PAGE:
Article 66 of the Constitution makes membership open to any citizen of Bangladesh and only to citizens above the age of 25 (dual citizenship is possible for civilians in Bangladesh, but not for MPs).
Members are elected by direct polls in their respective constituencies. Whoever wins the most votes, regardless of turnout or proportion, wins the election. Members are elected for a term of 5 years; the entire Parliament dissolves 5 years after the swear-in. Members can be re-elected indefinitely. They may be independent or affiliated with a political party.
Members must not have served time in prison for more than 2 years to be eligible, unless they served this period five years prior to the elections.
Article 67 states that members absent without leave for 90 consecutive sitting days will lose their membership. Any ambiguity regarding membership will be resolved by the Bangladesh Election Commission. Attending sessions without being a member (even if memberships are cancelled in retrospect) is fined by a BDT1,000 ($14) fine per day, per Article 69.
- Resignation from the political party that nominated the member,
- Voting against the nominating party, or
- Abstaining from voting, either by abstention or absence, against the directive of the party Whip.
The only case of floor crossing in Bangladesh was when majority members M.A. Mannan and Mahi B. Chowdhury defected the Bangladesh National Party to form a new party, Bikolpo Dhara. Fresh by-elections were held soon after the seats were vacated. Mahi B. Chowdhury retained his seat under the new party, whereas Mannan failed.
Debate about the provision
As most candidates are elected by the funding, support and brand name of the party, resignation from the party is considered to void the choice of the people. The prime objective of banning floor crossing is to prevent members from joining other parties for personal gains. This is crucial in marginal majorities, where a few majority members voting against the majority essentially changes the government party in power.
The ban on floor crossing stunts the members from speaking out against bad policies pitched by their party. This is considered harmful for parliamentary democracy, as the ban forces members to agree with their party leaders regardless of their own opinions or the opinions of their constituents.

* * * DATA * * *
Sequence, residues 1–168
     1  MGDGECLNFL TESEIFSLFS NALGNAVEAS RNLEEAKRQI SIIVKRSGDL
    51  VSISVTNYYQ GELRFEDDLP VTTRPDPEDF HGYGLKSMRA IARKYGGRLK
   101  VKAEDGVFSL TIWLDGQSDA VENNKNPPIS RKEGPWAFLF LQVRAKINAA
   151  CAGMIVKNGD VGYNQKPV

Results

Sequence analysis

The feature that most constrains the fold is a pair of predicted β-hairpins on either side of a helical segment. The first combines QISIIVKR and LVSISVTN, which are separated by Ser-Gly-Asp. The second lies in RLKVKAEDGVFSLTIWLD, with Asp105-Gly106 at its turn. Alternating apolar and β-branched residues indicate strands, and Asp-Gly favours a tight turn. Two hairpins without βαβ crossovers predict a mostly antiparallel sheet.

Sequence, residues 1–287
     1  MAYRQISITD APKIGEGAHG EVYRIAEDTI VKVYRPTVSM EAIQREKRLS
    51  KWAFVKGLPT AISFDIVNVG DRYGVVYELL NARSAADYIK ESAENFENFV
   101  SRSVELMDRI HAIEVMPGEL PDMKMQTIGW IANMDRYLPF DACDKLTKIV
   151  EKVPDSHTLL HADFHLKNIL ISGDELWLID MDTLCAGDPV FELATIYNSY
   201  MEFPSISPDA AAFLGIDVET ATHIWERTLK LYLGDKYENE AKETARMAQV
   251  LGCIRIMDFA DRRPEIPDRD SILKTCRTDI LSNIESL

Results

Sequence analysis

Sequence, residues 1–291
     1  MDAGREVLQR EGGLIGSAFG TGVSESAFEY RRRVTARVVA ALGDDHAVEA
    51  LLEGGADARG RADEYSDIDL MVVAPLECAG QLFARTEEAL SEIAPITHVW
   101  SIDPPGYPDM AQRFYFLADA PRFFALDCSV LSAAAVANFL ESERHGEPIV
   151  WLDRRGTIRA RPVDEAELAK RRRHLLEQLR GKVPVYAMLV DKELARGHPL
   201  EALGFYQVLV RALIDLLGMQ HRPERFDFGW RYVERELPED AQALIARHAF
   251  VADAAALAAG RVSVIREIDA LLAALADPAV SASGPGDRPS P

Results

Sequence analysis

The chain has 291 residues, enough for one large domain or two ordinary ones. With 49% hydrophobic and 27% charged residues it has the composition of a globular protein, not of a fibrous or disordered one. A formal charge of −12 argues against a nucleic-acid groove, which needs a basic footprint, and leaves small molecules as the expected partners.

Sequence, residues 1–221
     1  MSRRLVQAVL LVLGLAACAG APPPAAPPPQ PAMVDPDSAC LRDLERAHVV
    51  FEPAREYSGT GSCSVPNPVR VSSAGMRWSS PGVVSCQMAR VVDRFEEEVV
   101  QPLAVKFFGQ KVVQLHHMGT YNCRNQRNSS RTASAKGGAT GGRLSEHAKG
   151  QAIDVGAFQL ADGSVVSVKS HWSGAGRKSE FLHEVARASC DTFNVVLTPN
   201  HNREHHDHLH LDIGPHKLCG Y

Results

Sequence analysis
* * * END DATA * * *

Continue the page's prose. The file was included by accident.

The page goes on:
It is usually the custom for prominent politicians, especially party leaders. During the last election Awami League leader Sheikh Hasina, prominent AL figure (and later President of Bangladesh) Zillur Rahman, BNP leader Khaleda Zia and Jatiya Party leader H M Ershad all were candidates in the maximum possible number of constituencies.
Powers and rights
The President of Bangladesh appoints a cabinet with the Prime Minister and other ministers from among the Members. The Prime Minister must be a parliamentarian, and so must at least 90% of the Ministers. The President must appoint a Prime Minister who, in his opinion, commands the confidence of the majority of the House. The cabinet remains answerable to the Parliament.
The President of Bangladesh is elected by the Parliament through an open ballot voting. As a result, opposition party seldom nominates a candidate and the government-party nominee is uncontested. Current President Abdul Hamid, late previous President Zillur Rahman and former presidents Iajuddin Ahmed, A. Q. M. Badruddoza Chowdhury and Shahabuddin Ahmed were all elected presidents unopposed. The Parliament can also impeach the President by a two-third majority.
The Parliament can form parliamentary standing committees as it sees fit, for the purposes of examining bills, reviewing law enforcements and any other matter of public importance. The de facto power of the committees have always been nominal; the de jure power too is ambiguous, especially after the Supreme Court ruled that it was not answerable to summons from parliamentary committees.